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YOUR WINDOW TO THE COMMUNITY
WEDNESDAY, DECEMBER 7, 2011
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Teacher always put children first
Farewell, Mrs Duncan: Hilary Duncan's year 1 and 2 pupils at Central Normal
School give her a send-off to remember.
Photo: WARWICK SMITH
By JUDITH LACY
Children are born with wings,
teachers help them fly,'' a poster in
Hilary Duncan's class says.
And Mrs Duncan has done a lot of
flight training in her career, a
career vastly different to corsetiere,
the back-up option suggested by the
school careers adviser.
She retires from teaching on
December 15, the majority of her
career having been at Central Nor-
I've loved it here. I've loved all
my years teaching. It's really neat
when you catch up with those chil-
dren you have taught.''
She started at Central Normal in
1979 and, apart from one year at
Awapuni, has been there since.
Over the decades she has seen
many changes including the main-
streaming of children with special
needs, the growth of bilingual
classes and fewer men teaching.
She has worked with three
principals and several deputy and
The caring and supportive culture
among staff has remained the same.
Your problem is their problem.''
Children have changed as society
has changed and become more
worldly but less active.
She has had to learn new disci-
pline and teaching techniques.
Nowadays teachers are not the
fount of all knowledge -- the focus is
on inquiry learning with the chil-
dren searching for answers.
She has been a team leader but
did not want to be a principal,
instead preferring to be in the class-
room with constant contact with
The 66-year-old was not sure she
was going to retire this year but a
motivating factor was her husband
Graeme retiring a month ago. She
hopes to do some relieving or part-
I'll have withdrawal symptoms
for sure, I'll be terrible.''
Growing up in Hawera, young
Hilary loved school where she had
I used to look up to them, I would
idolise my teachers.''
Being a teacher was her only
career goal, but her school careers
adviser thought she needed a back-
up plan in case she was not accepted
into Palmerston North Teachers'
College. The adviser suggested
being a corsetiere as young Hilary
had strong arms''.
Outside work, Mrs Duncan cer-
tainly has strong legs rising at five
each morning to jog or walk. In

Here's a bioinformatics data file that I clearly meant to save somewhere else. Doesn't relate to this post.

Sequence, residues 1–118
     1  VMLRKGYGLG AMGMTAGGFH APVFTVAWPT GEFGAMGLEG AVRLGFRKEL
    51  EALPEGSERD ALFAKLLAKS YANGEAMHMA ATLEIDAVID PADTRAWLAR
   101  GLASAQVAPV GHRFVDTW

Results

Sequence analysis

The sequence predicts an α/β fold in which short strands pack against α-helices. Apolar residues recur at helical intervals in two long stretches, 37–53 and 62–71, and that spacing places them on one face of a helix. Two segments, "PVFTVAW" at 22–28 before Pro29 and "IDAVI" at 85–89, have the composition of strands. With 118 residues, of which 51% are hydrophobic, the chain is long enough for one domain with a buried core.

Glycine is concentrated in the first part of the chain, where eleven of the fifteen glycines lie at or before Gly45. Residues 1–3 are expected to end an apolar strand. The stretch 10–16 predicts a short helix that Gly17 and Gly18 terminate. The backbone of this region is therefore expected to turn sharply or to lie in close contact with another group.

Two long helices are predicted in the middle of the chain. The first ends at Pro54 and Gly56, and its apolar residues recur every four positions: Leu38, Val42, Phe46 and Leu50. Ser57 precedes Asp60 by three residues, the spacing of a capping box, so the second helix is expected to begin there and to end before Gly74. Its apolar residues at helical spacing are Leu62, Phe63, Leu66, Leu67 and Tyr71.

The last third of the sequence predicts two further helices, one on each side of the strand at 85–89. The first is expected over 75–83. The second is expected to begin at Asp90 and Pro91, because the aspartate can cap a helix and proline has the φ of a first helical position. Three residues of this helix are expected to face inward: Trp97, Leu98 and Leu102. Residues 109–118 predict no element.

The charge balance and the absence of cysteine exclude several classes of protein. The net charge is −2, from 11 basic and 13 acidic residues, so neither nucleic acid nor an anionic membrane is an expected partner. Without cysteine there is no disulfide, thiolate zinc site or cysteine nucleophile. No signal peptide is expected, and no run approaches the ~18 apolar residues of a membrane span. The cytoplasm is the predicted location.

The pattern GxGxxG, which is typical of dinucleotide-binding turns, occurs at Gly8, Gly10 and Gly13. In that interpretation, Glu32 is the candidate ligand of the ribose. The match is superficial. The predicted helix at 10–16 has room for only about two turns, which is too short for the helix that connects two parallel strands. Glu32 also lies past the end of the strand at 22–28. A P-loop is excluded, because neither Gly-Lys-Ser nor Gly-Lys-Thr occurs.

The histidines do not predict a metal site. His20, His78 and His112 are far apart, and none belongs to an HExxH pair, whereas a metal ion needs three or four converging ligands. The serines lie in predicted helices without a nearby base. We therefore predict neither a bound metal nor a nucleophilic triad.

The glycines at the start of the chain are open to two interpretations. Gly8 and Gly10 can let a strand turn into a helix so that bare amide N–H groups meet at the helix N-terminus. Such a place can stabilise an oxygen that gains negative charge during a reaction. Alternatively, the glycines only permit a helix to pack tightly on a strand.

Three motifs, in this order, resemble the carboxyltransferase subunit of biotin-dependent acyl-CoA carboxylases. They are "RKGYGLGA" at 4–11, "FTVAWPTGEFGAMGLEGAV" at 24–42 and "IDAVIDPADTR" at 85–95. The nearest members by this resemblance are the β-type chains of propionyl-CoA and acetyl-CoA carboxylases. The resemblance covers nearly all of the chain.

retirement she will continue
volunteering at Arohanui Hospice
and her involvement with All Saints
Anglican Church. Her granddaugh-
ters live in Wellington and her
grandsons in Switzerland and with
other family also overseas, travel-
ling is on the cards.
Who knows, I might end up
doing something quite different. I
might learn to knit again.''
Her first job out of teachers' col-
lege in 1966 was at Ramanui School
in Hawera where she had 40 chil-
dren. Today she has 26 in her junior
Palmerston North resource
teacher of learning and behaviour
Liz Hickey said Mrs Duncan is an
outstanding and inspirational
teacher'' who has positively impac-
ted children's futures and lives for
Asked why people think highly of
her, Mrs Duncan said she believes
in putting the children -- whom she
loves -- first.
I like to be organised and well
prepared for things, too.''
She has always found it amazing
parents trust their children's edu-
cation to teachers.
I've been lucky to do the job I've
always wanted to do.''
A long cut
Green Santa: Palmerston North's first non-motorised Christmas Parade
has been labelled a success by organisers Destination Manawatu. Santa
and his reindeer sat on top of a couple of modified electric golf carts to
parade around The Square. The parade had 37 floats which were raised
above people's heads and performers on stilts towered over the crowd.
Destination Manawatu chief executive Lance Bickford said he had only
positive feedback from the crowd. He was keen to do the same next year,
and felt it cemented Palmerston North's reputation as an environmentally-
Photo: WARWICK SMITH
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